No, a Trump Victory Might Be Bad for Crypto

A response to Politico’s article predicting good times if the ex-POTUS wins re-election.

AccessTimeIconJan 9, 2024 at 9:13 p.m. UTC
Updated Mar 8, 2024 at 7:34 p.m. UTC
AccessTimeIconJan 9, 2024 at 9:13 p.m. UTCUpdated Mar 8, 2024 at 7:34 p.m. UTC
AccessTimeIconJan 9, 2024 at 9:13 p.m. UTCUpdated Mar 8, 2024 at 7:34 p.m. UTC

On Monday, Politico published an article making the case that a Trump victory in 2024 could “turn the tides” in crypto’s favor. “It would mark a major shift from President Joe Biden, whose administration and regulators are consistently taking a skeptical approach to crypto over what they see as risks to consumers and the broader financial system,” staff reporter Jasper Goodman wrote.

Quoting power players including House Majority Whip Tom Emmer and former Comptroller of the Currency Brian Brooks, they make the case that the “anti-establishment” presidential candidate Donald Trump, if he wins, would likely enact policies and strip down regulations to crypto’s benefit.

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Afterall, even without explicitly “aligning” himself with crypto, Trump — who once said cryptocurrencies are “based on thin air,” (but seems happy now to rake in millions from NFTs) — by default would be better than the Biden’s administration’s antagonistic stance.

It’s an obvious point to make, especially considering the Securities and Exchange Commission’s run of lawsuits brought against even established outfits like Coinbase and Kraken, the Department of Justice’s historic settlement with Binance and Biden’s “whole-of-government” approach to wrangling the industry.

What’s less obvious are the ways that a friendlier regulatory outlook could actually do more harm than Gary Gensler, who is on his way out as SEC chair anyway. Although it’s become rote for crypto insiders to decry regulation while calling for clarity, there’s a case to be made that borderless, decentralized and stateless protocols can only become truly borderless, decentralized and stateless through a trial by fire.

And, truth be told, crypto seems to have blown its greatest chance yet to develop serious, widely-available protocols that can withstand threats from malicious actors and nationstates. Instead, these past four years, under pressure from antagonistic authorities across the globe, but especially in the U.S., this decade-and-a-half old industry whiffed on its opportunity to prove exactly how resilient, open and utilitarian blockchain-based technologies can be.

This is clearly an overstatement — bitcoin is trading not far off of $50,000, lest we forget — but not by much. Instead of developing useful tools that can survive, say, a nuclear holocaust, the industry has turned out example after example of exactly why this technology needs to be regulated. Putting aside the major technical failures like the collapse of Terra, or the multi-billion dollar FTX fraud, crypto is overrun with minor scams and exploits.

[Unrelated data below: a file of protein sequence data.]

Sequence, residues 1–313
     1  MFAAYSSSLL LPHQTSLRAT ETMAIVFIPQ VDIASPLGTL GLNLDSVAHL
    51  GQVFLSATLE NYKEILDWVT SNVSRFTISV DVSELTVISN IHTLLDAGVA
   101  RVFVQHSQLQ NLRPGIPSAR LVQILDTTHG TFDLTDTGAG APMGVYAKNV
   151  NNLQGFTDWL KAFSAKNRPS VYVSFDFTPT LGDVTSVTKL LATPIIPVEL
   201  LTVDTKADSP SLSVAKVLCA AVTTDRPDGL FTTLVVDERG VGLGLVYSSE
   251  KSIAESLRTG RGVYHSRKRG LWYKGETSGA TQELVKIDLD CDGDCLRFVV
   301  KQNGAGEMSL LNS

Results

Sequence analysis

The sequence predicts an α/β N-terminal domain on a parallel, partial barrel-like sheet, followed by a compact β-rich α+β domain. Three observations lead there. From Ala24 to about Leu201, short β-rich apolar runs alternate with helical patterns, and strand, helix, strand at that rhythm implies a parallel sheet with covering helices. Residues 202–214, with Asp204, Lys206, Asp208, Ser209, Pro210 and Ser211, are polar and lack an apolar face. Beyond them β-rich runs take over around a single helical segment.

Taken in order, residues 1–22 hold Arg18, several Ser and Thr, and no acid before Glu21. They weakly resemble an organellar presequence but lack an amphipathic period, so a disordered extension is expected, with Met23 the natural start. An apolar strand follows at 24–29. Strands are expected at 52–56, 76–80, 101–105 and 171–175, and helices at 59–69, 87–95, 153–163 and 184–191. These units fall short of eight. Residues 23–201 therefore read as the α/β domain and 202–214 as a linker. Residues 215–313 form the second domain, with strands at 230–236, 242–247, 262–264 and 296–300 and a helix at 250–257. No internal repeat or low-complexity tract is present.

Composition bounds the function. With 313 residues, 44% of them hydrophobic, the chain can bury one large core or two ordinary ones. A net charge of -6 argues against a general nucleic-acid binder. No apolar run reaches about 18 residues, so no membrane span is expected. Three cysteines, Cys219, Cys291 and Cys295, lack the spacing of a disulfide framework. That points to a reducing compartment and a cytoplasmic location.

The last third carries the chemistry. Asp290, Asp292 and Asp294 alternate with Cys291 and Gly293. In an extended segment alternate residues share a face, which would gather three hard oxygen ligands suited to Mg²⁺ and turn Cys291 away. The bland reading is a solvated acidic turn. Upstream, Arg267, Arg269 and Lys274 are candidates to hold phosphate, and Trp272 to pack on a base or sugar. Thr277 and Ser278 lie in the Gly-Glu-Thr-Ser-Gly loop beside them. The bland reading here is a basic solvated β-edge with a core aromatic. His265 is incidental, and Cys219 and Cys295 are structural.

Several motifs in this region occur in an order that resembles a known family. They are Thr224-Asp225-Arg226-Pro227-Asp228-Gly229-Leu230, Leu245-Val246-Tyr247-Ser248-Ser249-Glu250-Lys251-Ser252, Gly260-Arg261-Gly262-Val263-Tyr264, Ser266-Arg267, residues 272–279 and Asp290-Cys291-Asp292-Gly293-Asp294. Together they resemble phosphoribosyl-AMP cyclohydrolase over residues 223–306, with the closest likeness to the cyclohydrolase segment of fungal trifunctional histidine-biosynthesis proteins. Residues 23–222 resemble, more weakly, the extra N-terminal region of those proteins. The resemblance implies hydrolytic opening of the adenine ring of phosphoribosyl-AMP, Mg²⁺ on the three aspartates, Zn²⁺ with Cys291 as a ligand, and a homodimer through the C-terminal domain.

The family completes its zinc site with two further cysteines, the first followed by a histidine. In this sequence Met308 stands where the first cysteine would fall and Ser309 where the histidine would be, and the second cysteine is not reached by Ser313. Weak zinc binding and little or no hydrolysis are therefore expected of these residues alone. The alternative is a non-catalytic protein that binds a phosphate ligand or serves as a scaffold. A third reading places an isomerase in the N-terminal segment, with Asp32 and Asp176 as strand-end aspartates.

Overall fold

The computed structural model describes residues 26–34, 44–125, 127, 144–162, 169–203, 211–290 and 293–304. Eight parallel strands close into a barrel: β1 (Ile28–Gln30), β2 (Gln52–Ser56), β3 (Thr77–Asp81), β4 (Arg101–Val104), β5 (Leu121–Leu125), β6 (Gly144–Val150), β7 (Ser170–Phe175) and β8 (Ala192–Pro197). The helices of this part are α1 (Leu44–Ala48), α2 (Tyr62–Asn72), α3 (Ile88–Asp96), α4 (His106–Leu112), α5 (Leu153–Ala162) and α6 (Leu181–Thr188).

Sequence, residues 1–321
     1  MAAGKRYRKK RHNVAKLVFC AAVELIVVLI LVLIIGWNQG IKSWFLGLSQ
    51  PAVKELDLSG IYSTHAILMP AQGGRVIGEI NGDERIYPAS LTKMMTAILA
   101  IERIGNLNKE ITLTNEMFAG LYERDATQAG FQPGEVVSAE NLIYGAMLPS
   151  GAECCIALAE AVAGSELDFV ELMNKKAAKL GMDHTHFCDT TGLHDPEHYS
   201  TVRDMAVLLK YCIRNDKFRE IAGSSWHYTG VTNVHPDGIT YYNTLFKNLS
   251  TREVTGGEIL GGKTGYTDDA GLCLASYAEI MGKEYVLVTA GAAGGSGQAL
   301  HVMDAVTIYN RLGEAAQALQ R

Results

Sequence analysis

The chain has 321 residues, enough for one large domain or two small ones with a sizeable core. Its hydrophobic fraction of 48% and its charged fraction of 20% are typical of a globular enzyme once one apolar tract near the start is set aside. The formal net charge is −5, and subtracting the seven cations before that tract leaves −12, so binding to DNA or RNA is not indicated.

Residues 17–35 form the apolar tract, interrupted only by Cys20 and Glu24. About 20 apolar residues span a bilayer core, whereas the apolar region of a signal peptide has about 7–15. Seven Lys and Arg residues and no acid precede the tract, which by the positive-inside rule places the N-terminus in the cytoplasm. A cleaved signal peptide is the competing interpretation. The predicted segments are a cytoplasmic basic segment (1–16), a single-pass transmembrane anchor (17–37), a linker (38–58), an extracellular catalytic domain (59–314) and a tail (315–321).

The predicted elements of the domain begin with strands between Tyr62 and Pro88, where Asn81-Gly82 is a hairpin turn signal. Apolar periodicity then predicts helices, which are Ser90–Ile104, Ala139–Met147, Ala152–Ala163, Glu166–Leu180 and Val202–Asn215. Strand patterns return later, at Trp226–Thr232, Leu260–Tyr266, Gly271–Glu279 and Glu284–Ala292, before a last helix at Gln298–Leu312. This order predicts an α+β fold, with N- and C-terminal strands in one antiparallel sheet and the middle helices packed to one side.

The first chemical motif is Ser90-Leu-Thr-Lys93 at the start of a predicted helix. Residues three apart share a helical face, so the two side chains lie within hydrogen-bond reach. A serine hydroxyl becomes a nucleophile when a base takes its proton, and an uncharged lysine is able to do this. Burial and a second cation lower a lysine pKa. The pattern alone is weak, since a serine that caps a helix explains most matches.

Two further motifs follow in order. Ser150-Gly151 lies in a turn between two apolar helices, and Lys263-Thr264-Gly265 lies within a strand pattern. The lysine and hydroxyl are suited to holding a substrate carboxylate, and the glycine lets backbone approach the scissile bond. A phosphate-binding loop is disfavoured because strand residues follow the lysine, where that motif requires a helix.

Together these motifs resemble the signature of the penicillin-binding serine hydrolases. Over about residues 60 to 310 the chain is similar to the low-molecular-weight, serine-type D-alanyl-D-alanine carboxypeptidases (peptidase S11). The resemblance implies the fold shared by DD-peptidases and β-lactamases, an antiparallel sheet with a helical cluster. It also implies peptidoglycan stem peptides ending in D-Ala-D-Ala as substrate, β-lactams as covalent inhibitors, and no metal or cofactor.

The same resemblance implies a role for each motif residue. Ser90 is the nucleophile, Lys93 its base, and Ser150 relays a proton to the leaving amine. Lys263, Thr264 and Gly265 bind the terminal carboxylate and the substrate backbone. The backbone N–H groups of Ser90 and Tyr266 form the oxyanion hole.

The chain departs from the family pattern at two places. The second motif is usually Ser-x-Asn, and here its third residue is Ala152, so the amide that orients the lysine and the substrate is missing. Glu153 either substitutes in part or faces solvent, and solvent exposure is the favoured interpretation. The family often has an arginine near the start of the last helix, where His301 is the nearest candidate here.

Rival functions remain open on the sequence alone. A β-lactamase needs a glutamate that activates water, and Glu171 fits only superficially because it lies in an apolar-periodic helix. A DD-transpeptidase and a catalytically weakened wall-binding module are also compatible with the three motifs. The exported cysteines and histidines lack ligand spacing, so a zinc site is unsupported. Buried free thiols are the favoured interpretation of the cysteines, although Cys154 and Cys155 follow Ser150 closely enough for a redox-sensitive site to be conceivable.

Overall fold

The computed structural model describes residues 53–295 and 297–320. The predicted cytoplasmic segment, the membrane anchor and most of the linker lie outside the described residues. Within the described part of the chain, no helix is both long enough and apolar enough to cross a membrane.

In what world would allowing more of this activity to continue unchecked be good for crypto?

I’m not quite convinced there are regulatory solutions to systemic issues like fraud; open and permissionless protocols like blockchain and the internet will always be abused and misused. But there is a clear connection between the proliferation of scammers and the amount of capital in crypto (compare the data for the last bull and bear markets, for instance).

A change in sentiment that suggests the U.S. government will ease up on crypto could do a lot to empower bad actors. It might also implicitly give a greenlight to corporations to begin marketing risky financial products to retail consumers again. Has the crypto lending sector really worked out its kinks after the collapse of all of the largest crypto lenders?

To be fair, regulation doesn't have to be a partisan issue, even if supporting crypto is increasingly becoming politicized. Sen. J.D. Vance (R-Ohio), a Trump ally, told Politico that Republicans are looking to prioritize “consumer protections without destroying a very nascent industry.” And, for all we know about how this election cycle will turn out, there could be another four years of Biden, with Gensler promoted to Treasury Secretary, the job he has long coveted.

But I’m a believer in the devil you know. Ideally, developers would entirely tune out politics and build protocols that regulatory enforcers simply cannot touch. Unfortunately, however, instead of becoming inflamed by “Operation Choke Point 2.0” and the regulatory enforcements against DAOs and DeFi to build better protocols, many simply bent the knee.

All of this is based on the idea that open-source development is as collaborative as the name suggests, and that lessons can be shared to progress the entire sector. Some take the idea so far as to believe that, in time, after enough hacks, open protocols could become “unhackable.” It’s like compacting garbage hard enough to end up with a diamond.

So will crypto be better off if Trump is inaugurated again in 2025? It’s worth noting that around the time he won the presidency in late-2016, there were a range of predictions, too. CoinDesk wrote about the Trump transition as “a trial run for smart contracts,” while others were concerned about his negative views on Big Tech.

Funnily enough, ex-NYT columnist Farhad Manjoo wrote about the tech sector’s lamenting of Trump’s win while Politico covered it as a potential financial windfall for tech luminary Peter Thiel. The first thing Politico’s Tony Romm mentioned? Thiel’s bitcoin investments…

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Daniel Kuhn

Daniel Kuhn is a deputy managing editor for Consensus Magazine. He owns minor amounts of BTC and ETH.